1-7 Advanced Particle Flowability Measurement for Nuclear Fuel Pellet Production

-Investigation of the Applicability of a Vibrating Tube Method Using Model Particles-

Fig.1-16 Vibrating tube method schematic diagram

 

Fig.1-16 Vibrating tube method schematic diagram

Particle flowability is evaluated by measuring the mass flow rate of particles discharged from a vibrating tube while the vibration acceleration is changed.

 

Fig.1-17 SEM photographs of ZrO 2 particles

 

Fig.1-17 SEM photographs of ZrO2 particles

The shape and surface state of the particles were changed by mechanical treatment using a ball mill.

 

Fig.1-18 Flowability profiles of ZrO 2 smaller than 45 μm

 

Fig.1-18 Flowability profiles of ZrO2 smaller than 45 μm

The vibrating tube method can detect differences of shape and surface state among samples.

 

Fig.1-19 Flowability profiles of ZrO 2 smaller than 250 μm

 

Fig.1-19 Flowability profiles of ZrO2 smaller than 250 μm

The vibrating tube method can detect fine particles smaller than 45 μm.

It is necessary to employ raw MOX particles having excellent flowability for production of MOX pellets, because flowability affects the output of green pellets, and a non-uniform packed structure of particles in dies sometimes causes defective products. The flowability of MOX particles is currently evaluated by a method based on Carr’s flowability index. In order to reduce the measurement time in the glove box, the applicability of a vibrating tube method, which is a new flowability measurement method, was examined using non-radioactive model particles.

The vibrating tube method (Fig.1-16) evaluates flowability based on measurement of the mass flow rate of particles discharged from the vibrating tube while the vibration acceleration is changed. This method has advantages such as a simple structure, easy operation, and short measurement time.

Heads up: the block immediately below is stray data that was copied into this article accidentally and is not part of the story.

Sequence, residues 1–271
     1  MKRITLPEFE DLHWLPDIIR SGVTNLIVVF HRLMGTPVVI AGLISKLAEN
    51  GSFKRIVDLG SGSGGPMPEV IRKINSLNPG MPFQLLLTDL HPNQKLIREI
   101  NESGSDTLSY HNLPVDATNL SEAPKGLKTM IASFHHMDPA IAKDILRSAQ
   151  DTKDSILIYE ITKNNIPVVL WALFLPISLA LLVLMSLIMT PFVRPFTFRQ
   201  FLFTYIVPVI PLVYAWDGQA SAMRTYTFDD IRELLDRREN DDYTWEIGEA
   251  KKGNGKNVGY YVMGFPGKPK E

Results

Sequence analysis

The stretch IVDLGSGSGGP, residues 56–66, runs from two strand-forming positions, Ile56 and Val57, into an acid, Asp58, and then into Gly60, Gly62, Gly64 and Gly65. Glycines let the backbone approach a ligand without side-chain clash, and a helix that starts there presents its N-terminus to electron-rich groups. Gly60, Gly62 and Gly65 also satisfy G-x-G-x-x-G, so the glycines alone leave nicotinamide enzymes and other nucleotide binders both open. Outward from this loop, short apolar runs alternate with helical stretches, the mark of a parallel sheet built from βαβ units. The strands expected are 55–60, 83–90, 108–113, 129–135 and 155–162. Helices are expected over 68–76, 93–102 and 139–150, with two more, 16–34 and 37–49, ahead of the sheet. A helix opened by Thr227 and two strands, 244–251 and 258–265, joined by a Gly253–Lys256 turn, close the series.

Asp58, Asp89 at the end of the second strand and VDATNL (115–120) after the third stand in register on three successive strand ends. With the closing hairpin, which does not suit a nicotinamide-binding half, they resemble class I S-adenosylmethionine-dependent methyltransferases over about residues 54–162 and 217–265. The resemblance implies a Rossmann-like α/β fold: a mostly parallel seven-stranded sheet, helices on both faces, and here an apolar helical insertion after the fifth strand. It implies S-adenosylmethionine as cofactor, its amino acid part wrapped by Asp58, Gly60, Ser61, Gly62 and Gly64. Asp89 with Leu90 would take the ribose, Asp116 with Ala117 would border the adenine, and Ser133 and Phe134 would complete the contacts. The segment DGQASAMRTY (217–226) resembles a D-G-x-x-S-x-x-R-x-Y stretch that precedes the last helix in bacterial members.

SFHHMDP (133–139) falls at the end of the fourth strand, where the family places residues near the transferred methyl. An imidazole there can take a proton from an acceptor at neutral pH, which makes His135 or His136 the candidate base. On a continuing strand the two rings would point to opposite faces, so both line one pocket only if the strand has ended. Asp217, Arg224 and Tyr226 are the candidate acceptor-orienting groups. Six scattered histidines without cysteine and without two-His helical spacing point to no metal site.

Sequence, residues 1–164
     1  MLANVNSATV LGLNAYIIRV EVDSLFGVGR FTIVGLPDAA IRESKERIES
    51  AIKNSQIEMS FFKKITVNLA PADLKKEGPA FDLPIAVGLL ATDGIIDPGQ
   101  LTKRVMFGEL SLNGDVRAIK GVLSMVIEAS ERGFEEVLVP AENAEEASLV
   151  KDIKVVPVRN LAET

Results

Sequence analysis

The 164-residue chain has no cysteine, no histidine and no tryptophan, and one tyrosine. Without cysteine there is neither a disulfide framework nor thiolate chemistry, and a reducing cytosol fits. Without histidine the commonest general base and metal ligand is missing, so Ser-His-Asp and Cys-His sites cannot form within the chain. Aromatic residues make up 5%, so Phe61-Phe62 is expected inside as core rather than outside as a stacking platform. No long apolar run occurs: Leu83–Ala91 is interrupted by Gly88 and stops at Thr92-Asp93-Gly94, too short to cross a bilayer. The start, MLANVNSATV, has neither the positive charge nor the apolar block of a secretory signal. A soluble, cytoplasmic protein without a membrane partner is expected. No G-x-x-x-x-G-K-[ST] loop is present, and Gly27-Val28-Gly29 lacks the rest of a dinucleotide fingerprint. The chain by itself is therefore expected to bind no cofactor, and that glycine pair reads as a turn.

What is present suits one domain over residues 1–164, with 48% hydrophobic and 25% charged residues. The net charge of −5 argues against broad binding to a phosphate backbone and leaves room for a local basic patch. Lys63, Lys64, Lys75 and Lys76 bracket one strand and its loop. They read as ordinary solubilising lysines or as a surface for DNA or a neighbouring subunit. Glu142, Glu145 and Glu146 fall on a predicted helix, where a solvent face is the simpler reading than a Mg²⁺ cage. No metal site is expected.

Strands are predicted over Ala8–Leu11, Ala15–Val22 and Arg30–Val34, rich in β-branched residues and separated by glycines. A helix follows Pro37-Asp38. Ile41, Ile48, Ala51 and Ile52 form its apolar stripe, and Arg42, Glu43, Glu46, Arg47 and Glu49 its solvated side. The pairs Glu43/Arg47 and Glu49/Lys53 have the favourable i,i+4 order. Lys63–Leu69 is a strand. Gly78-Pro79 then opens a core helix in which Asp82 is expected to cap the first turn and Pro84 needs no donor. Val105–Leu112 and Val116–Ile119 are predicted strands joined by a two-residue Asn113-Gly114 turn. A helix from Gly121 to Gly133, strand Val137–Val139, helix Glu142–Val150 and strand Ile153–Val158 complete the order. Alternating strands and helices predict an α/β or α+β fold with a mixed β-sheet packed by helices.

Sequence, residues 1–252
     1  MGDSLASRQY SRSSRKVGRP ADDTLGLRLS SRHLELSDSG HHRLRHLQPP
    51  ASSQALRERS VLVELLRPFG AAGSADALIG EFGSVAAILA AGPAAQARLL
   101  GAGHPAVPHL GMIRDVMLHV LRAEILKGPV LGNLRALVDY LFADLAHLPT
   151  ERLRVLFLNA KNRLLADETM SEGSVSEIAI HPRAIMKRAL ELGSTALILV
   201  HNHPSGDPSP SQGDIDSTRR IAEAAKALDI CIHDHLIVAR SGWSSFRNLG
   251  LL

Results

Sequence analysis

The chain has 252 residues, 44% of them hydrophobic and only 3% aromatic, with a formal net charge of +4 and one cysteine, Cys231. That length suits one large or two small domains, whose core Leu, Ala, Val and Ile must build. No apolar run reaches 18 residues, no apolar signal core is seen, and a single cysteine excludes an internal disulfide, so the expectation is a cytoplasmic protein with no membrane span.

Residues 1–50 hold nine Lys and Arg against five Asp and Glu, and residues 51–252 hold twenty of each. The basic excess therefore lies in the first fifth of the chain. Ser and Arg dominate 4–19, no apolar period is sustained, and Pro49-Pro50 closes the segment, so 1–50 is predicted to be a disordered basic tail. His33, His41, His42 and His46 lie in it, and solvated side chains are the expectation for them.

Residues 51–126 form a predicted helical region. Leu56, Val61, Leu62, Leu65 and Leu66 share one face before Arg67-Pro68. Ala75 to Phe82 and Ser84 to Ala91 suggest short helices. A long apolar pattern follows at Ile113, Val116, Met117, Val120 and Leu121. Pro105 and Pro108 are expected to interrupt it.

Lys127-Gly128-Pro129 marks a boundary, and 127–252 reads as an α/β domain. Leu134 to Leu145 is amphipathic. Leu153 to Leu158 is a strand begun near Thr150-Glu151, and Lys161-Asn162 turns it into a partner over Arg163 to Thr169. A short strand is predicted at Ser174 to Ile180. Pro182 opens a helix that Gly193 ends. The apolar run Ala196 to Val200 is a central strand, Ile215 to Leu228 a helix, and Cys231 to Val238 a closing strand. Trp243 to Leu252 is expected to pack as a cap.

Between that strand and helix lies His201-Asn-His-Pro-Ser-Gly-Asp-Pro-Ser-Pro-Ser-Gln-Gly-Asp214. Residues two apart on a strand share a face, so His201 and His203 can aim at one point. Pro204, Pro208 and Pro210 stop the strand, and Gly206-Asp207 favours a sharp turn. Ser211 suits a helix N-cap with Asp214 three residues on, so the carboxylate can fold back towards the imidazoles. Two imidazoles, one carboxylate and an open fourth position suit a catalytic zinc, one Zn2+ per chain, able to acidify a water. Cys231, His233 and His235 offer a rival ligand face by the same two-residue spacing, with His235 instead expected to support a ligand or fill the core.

In this experiment, ZrO2 particles having different shapes and surface states (Fig.1-17) were prepared by changing the milling time, and the particle size distribution was varied by changing the concentration of fine particles.

Fig.1-18 shows the mass flow rate dependence on vibration acceleration (flowability profiles) of ZrO2 particles smaller than 45μm in diameter. The flowability of particles with higher circularity (longer milling time) is more excellent, because a smaller vibration acceleration is required to initiate flowing. The vibration tube method can differentiate between s amples with higher sensitivity than a method based on Carr’s flowability index.

Fig.1-19 shows the flowability profiles of ZrO2 particles smaller than 250 μm. (A) refers to particles 106 ~ 250 μm in diameter, (B) refers to 45 ~ 250 μm, and (C) refers to 0 ~ 250 μm. Profile (C) is strikingly different from the other profiles, which indicates that vibrating tube method can detect degradation of flowability by fine particles smaller than 45 μm.

For the next step, we are planning to measure the flowability of UO2 and MOX particles to confirm the applicability of this method to the MOX pellet production line, such as in quality checks of MOX particles before and after granulation.


Reference
Ishii, K. et al., Feasibility Study on Particle Flowability Evaluation in Simplified MOX Pellet Fabrication Process Using Vibrating Tube Method, Journal of the Society of Powder Technology, vol.45, no.5, 2008, p.290-296 (in Japanese).

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